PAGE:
"Martin J. Duerst" <firstname.lastname@example.org> Mon, 12 May 1997 15:18 UTC
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Date: Mon, 12 May 1997 16:47:36 +0200
From: "Martin J. Duerst" <firstname.lastname@example.org>
To: Larry Masinter <email@example.com>
cc: Chris Newman <Chris.Newman@innosoft.com>, IETF URI list <firstname.lastname@example.org>
Subject: Re: draft-fielding-url-syntax-05.txt
Content-Type: TEXT/PLAIN; charset="US-ASCII"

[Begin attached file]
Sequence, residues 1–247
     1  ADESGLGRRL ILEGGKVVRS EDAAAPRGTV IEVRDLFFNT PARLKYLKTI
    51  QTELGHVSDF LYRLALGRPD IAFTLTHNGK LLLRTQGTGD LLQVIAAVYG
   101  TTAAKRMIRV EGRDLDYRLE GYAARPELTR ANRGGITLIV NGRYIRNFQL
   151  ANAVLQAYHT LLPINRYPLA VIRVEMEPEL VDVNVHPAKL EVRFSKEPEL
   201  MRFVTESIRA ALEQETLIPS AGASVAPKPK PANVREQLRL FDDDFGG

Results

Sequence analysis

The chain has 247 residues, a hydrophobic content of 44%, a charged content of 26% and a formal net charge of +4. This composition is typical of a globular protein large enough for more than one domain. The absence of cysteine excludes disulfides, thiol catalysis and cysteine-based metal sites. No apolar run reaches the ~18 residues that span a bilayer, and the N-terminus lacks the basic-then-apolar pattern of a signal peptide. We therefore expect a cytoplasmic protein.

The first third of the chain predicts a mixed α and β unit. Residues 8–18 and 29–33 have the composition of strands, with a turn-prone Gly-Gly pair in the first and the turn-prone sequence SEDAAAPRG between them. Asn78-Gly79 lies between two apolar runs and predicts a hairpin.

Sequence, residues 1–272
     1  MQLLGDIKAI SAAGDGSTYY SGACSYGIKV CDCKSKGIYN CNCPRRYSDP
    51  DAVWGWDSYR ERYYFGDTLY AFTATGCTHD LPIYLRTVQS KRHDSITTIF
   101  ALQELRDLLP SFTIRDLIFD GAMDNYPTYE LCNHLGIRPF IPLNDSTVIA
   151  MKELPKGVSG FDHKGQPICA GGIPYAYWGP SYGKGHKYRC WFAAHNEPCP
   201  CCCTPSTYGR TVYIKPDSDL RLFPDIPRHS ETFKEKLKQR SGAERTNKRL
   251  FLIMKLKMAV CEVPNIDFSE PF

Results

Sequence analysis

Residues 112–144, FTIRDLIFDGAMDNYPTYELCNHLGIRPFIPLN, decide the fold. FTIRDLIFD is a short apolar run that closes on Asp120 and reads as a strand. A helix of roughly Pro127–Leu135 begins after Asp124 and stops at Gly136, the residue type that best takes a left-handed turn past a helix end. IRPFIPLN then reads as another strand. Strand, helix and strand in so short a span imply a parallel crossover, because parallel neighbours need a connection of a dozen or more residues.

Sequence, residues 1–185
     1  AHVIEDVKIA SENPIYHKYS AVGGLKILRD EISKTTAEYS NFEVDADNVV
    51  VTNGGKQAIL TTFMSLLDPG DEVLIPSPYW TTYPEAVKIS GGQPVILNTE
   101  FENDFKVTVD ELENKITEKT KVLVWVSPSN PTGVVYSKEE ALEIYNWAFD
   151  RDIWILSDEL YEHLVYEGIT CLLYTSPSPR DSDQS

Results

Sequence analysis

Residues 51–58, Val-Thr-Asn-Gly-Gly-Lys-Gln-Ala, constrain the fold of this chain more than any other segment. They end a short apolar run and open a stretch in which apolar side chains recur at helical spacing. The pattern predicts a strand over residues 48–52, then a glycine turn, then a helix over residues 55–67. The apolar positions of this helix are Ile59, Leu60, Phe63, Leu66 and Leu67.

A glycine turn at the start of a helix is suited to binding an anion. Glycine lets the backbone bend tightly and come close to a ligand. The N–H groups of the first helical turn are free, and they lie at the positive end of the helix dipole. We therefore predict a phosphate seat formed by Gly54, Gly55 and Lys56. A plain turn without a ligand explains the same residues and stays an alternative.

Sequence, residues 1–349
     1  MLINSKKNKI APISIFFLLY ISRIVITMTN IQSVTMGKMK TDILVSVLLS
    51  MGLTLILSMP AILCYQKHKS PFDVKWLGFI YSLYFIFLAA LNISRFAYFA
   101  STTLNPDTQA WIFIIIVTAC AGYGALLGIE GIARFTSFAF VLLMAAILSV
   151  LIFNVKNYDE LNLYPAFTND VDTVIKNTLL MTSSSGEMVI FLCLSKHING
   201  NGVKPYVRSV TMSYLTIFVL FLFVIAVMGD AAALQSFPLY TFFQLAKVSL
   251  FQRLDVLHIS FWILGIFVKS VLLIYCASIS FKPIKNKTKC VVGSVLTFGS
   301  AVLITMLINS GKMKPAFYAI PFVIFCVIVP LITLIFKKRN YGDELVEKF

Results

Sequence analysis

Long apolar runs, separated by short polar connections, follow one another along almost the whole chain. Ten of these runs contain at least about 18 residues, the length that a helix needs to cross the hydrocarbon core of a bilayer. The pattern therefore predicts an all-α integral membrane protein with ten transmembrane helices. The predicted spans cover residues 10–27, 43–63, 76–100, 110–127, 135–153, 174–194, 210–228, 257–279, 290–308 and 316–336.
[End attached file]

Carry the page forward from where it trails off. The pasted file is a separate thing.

In an earlier mail, Larry Masenter wrote: > > - Shortly state what, in your oppinion, has been resolved > > (and what may not yet have been resolved). > > I don't think the latest draft will please everyone, but I think > that by toning down the explanation that "URLs are limited to ASCII", > pointing out that the definition of non-ASCII URLs is handled > outside of this document, and starting on the process of actually > resolving how non-ASCII URLs can be made to work, we've dealt with > the requirements of starting the work on Internationalization and > leaving enough space to come to a resolution on the issues. That sounds like a reasonable way to go. In particular, "pointing out that the definition of non-ASCII URLs is handled outside of this document" is very helpful. In a different mail, Chris Newman wrote: > On Fri, 2 May 1997, Larry Masinter wrote: > > > 2.1 URLs and non-ASCII characters > > > > While URLs are sequences of characters and those characters are > > used (within delimited sections) to represent sequences of octets, > > in some cases those sequences of octets are used (via a 'charset' > > or character encoding scheme) to represent sequences of characters: Saying "in some cases" is not completely wrong, but it is not a very accurate representation of reality. Changing this to "in most cases" would be much more appropriate. > > URL char. sequence <-> octet sequence <-> original char. sequence I think it would be more intuitive to turn things around, i.e. original char. sequence -> octet sequence <-> URL char. sequence Note that the first arrow is one way only, because the reverse mapping is not guaranteed. Probably going back to the figure that we had in the last (non-submitted) draft would be even better, to make this stick out. Also, a paragraph later, the words "second mapping" have to be changed to "first mapping". > > In cases where the original character sequence contains characters > > that are strictly within the set of characters defined in the > > US-ASCII character set, This is a rather convoluted expression. How about: In case the original character sequence only contains characters from the character repertoire of US-ASCII,... > > the mapping is simple: each original > > character is translated into the US-ASCII code for it, and > > subsequently represented either as the same character, or as an > > escape sequence. > > > > In general practice, many different character encoding schemes are > > used in the second mapping (between sequences of represented > > characters and sequences of octets) and there is generally no > > representation in the URL itself of which mapping was used. While > > there is a strong desire to provide for a general and uniform > > mapping between more general scripts and URLs, the standard for > > such use is outside of the scope of this document. > > I find this much too wishy-washy. Well, wishy-washy may not be the right term, but I agree that things can be improved. In particular, it is very doubtful to me whether the last sentence indeed is "pointing out that the definition of non-ASCII URLs is handled outside of this document". There is mention of a "standard", but that either means that there is indeed a standard, or that the word "standard" is just a filler, in which case the last sentence above only means that this document does not deal with these issues, and not that they are handled somewhere else. This makes a big difference. > I think we should explicitly forbid the > use of 8-bit characters and hex-encoded 8-bit characters, except as > defined by the future I18N URL standard. We need to make it very clear > that programs sending 8-bit URLs over the wire are broken (unless they use > UTF8 according to the future standard). I think Chris was a bit too short and general here, but basically, I agree. See below for details. On Fri, 2 May 1997, Larry Masinter wrote: > #I find this much too wishy-washy. > Not every section of a document can explicitly forbid > everything that is forbidden. In general, standards > documents work best when they say "how do I use this" > rather than listing lots of rules. I agree in general. But there are big differences between the case where something is forbidden just because it is forbidden and cases where it is discouraged because it interferes with future (and now clearly envisioned) uses. I think we have made enormous progress in argeeing on many components of URL internationalization. Yet when I read the draft, although I have to admit that there are a lot of changes in the right direction, there is nothing much that does reflect in any way the progress we have made and the consequences this should have on URL implementations. > The future standard will set the standard for the future. > All this document says is that it doesn't set that standard. Which is definitely not the same as your intention of "pointing out that the definition of non-ASCII URLs is handled outside of this document". There is a significant difference between saying "it's not done here" and "it's done elsewhere". > # We need to make it very clear that programs sending 8-bit URLs over > # the wire are broken (unless they use UTF8 according to the # future > standard). > > The purpose of this document is to define the standard for > how URLs work, and not to 'send a message' about a future > standard. It is very clear that the main purpose of this document is to define the standard for how URLs currently work. Close to 30 pages are devoted to this purpose. The purpose, structure, content, and integrity of this document are not affected by a note stating what we already assume or know about i18n URLs, in a way that will make the possible consequences clear to implementers while not precluding anything in the (unprobable) case that we decide to go a completely different way. What we are currently doing is pretending that our right hand doesn't know what our left hand is doing. This in no way does help implementers (the main addressees of the draft) make the right decisions or look out in the right places for what's going on, or even get the idea to look out in the first place. > I and Martin have actually started work on the > 'message', and if you want to help 'send a message' about UTF8, > I invite you to actually help craft the 'message'. Helping crafting this 'message' (which I very strongly support!) and advocating an appropriate formulation of the syntax draft are not mutually exclusive activities :-). > When we have a standard for UTF8 URLs, we'll have a standard > for UTF8 URLs. But that's the only message that you can > send that will have any meaning. Then why don't we send it, in a form that doesn't need reading between the lines? I propose the following wording, to be added at the end of Section 2.1: Note: There is currently work going on to define a standard for URLs including characters outside the US-ASCII repertoire based on UTF-8 as a character encoding. Regards, Martin.